1. One of the major prizes to be captured by a Marblehead vessel was the British brigantine Nancy. Surrendering to Captain John Manley in the Lee, a 74-ton schooner owned by Thomas Stevens of Marblehead and outfitted with guns and men provided by Colonel John Glover, the Nancy proved a veritable arsenal. Laden with 2000 muskets, 30 tons of shot, 100,000 flints, 11 mortar beds and one huge mortar weighing 10,000 pounds, this ship was to provide the Continental Army with a vast supply of much needed equipment. (Back to article)
2. Vice-Admiral Graves to Lieutenant Henry Mowat, H.M. Armed Vessel Canceaux. Naval Documents of the American Revolution, ed. William Bell Clark (Washington, D.C., 1966) II, 324-326. (Back to article)
3. An entry entered in the logbook of HMS Lively, dated Wednesday 13 December 1775 reads "Strong gales & squalls.....at 4 A.M. weigh and came to sail....fired a Gun signal for ye other ships to weigh, ye Canceaux, Notilus & Hinchinbeck." British Admiralty papers 52/1834. Public Record Office, London. (Back to article)
4. Gerry was a tireless, capable and stalwart revolutionist, having a sharp and incisive tongue and a potent pen. Never loathe to advocate sedition he wrote Samuel Adams on 1 February 1773 saying boldly that "the People. . . ought . . . to have the Opportunity of Choosing their Submission to Slavery, or of righteously supporting with their Lives, their Rights & Liberties." Retained copy of a letter from Gerry to Adams in author's Gerry Collection. (Back to article)
5. Author's Gerry Collection. The complete sentence is a measure of Gerry's commitment to the patriot cause: "I hope, Sir," he wrote, "that in concert with the Sister Colonies, this Province will Push Matters so close that the Designs of Parliament & a Corrupt Ministry cannot any longer be Smouthered." (Back to article)
6. To the letter Gerry sent Adams dated 13 December 1775 is added a lengthy postscript dated Marblehead, December 14, 1775, in which he says "last evening at half an Hours Warning Col Orne with myself left Watertown upon an Alarm that this Town was attacked by Sea." (Back to article)
7. A short article clipped from a Cambridge, Massachusetts, newspaper reports "Yesterday afternoon an express arrived for his Excellency the General with advices that three men of war were seen off that harbor, and that it was apprehended an attack was intended. On the reception of this intelligence, Col. Glover's regiment, with a company of artillery, were ordered to march immediately to that place." Collection of newspaper accounts of the Revolutionary War, M. V. Brewington, Kendall Whaling Museum. (Back to article)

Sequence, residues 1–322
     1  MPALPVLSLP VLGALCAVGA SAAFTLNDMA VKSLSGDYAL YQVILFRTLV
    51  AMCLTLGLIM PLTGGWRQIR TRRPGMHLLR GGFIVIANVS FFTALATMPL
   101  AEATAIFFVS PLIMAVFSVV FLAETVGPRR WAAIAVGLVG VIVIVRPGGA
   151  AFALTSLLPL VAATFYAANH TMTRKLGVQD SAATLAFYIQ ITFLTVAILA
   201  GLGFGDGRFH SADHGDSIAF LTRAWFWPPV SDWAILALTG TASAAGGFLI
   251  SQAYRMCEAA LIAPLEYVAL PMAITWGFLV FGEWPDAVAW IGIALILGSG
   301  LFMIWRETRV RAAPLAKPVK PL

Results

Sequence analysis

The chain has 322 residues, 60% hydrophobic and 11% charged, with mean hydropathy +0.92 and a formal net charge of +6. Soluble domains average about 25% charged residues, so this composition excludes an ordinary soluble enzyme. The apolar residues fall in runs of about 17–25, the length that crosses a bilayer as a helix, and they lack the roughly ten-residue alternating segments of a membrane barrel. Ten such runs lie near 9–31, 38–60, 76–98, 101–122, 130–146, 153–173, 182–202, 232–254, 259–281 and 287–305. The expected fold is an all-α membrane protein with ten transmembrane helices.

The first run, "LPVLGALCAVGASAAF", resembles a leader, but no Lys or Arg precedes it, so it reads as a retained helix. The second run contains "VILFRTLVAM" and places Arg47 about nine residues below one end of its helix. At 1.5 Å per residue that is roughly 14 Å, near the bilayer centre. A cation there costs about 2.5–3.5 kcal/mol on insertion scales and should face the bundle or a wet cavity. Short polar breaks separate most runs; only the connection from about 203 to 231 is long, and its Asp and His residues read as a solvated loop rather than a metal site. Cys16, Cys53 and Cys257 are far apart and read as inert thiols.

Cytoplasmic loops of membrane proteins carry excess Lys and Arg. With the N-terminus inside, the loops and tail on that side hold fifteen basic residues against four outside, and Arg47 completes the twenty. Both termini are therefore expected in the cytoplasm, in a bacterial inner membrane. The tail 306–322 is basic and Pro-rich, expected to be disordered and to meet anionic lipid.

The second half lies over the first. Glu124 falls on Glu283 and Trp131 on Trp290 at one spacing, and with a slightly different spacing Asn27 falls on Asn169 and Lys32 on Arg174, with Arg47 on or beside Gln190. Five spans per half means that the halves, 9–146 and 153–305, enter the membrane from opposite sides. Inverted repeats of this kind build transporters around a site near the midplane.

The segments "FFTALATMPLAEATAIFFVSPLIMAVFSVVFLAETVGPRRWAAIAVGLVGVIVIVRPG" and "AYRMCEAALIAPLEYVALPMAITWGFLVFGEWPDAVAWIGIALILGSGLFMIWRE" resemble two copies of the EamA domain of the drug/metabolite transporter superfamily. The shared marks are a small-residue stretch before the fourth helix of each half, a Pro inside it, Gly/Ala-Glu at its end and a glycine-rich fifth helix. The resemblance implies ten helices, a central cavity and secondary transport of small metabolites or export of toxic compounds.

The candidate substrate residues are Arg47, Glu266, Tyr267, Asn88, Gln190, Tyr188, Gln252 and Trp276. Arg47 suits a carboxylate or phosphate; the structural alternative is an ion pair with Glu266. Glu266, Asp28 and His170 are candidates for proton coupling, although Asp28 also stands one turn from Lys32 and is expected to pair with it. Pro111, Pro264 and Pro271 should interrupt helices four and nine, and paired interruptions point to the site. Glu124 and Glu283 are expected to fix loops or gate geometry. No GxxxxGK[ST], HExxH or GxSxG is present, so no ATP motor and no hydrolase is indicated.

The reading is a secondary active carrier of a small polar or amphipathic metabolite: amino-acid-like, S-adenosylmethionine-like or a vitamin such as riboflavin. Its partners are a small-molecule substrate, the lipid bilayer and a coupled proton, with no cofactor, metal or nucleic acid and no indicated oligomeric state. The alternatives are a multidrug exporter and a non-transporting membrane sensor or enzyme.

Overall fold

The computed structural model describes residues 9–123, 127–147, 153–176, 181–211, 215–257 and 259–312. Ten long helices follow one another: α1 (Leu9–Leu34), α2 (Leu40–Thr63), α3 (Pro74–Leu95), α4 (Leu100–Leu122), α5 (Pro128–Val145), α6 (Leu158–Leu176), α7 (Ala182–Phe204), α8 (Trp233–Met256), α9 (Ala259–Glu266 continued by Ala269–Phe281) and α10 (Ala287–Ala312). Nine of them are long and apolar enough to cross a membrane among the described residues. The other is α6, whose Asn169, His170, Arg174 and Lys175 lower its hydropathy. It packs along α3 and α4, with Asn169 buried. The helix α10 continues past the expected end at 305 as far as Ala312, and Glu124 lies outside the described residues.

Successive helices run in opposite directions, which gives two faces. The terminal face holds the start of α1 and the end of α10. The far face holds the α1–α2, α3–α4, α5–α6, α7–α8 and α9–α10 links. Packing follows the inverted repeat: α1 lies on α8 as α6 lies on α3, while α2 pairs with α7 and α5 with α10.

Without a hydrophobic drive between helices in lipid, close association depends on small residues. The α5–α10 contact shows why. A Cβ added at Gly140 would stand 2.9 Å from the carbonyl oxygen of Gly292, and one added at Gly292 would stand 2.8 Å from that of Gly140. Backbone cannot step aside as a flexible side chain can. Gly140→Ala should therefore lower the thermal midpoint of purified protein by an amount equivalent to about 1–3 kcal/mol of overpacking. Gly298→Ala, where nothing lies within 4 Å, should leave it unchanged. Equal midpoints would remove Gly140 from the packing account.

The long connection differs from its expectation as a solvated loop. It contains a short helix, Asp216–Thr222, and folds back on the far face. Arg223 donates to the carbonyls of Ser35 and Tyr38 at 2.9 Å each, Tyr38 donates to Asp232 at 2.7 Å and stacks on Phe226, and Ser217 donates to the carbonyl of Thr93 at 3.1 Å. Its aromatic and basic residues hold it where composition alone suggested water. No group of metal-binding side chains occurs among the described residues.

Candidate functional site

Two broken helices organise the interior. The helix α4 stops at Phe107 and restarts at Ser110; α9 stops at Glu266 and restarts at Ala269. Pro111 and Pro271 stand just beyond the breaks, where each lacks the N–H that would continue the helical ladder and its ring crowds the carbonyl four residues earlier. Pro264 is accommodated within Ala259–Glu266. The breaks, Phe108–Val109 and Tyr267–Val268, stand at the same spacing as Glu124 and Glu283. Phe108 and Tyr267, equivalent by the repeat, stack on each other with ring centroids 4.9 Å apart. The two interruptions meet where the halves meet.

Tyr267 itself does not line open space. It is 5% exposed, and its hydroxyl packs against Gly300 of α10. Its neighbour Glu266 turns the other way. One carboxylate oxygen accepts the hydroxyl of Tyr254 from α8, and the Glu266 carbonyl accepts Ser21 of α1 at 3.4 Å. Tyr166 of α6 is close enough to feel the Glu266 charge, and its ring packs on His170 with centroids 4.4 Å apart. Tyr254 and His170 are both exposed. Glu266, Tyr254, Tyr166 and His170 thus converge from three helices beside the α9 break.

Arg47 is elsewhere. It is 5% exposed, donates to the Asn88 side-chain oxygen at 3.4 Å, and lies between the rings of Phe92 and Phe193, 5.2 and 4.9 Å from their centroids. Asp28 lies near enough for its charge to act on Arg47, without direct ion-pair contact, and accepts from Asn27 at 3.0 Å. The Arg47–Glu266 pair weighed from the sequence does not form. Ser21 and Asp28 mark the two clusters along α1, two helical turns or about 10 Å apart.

8. On the day this incident was staged the fort on Gale's Head was well armed. According to a report filed by a provincial committee appointed in early 1776 to view the sea coast, "The Situation and Importance of the Harbour of Marblehead with the Strength and Beauty of their Works, are equally conspicuous, they have 18 pieces of Artillery in their Fort [now Fort Sewall] and is in one of their Batteries viz: 2 of 24 [pounders] 2 of 18, 2 of 14, 4 of 12, the remainder nines, Sixes & fours,...[and] they are also erecting a five gun Battery at a Place called Hewetts Head and propose erecting another on the Back Part of the Town." "The Seacoast Defenses of Essex County in 1776," Essex Institute Historical Collections, 43, April 1907, 187. (Back to article)
That the town had strengthened its defenses is confirmed by a statement in Roads' History and Traditions of Marblehead. On pages 131-132 of the 3rd edition (1897), Roads writes that Marblehead had busied itself during August and September 1775 fortifying and making preparations for the defense of the town "and that 100 men were employed for seven days, Sundays not excepted. The cost to the town for carriages, planks and other materials, was thirty-two pounds, exclusive of donations from the citizens, which were very liberal." (Back to article)
9. Gerry's letter is the sole source for this statement. However the pen of Ashley Bowen, a Marblehead seaman, primitive artist and chronicler of local events large and small, lends substance to Gerry's account. An entry in Ashley Bowen's Journals, 1775-1777, in the collections of the American Antiquarian Society, Worcester, Massachusetts, discloses that it was cold on Wednesday, December 13, and that at nine o'clock "a Larum [was] beet as three Ships are off...our Foart." Gerry places the time of their arrival one hour later, saying the British men o' war arrived "off the Harbour about ten oClock in the morning & after some Parade formed a Line Against A Battery lately built & mounting 20 pieces of Cannon." In view of the accuracy of the facts contained in Gerry's description of the event his assertion that the town fathers ordered the town evacuated cannot easily be brushed aside. (Back to article)
10. Most historical writers have taken it for granted that the three men-of-war all sailed from Marblehead at the same time. But if Bowen's notes are reliable this is not true. His observations relating to that day report "two of the Ships Stood out for ye NE and one Ley two all Day off our Harbour." (Back to article)
11. Author's Gerry Collection, Massachusetts Historical Society, Boston, Massachusetts (Back to article)
Author's Note: This entire section "Fire, Smoak, and Elbridge Gerry," is reprinted from the Essex Institute's Historical Collection, January 1970, Salem, Massachusetts.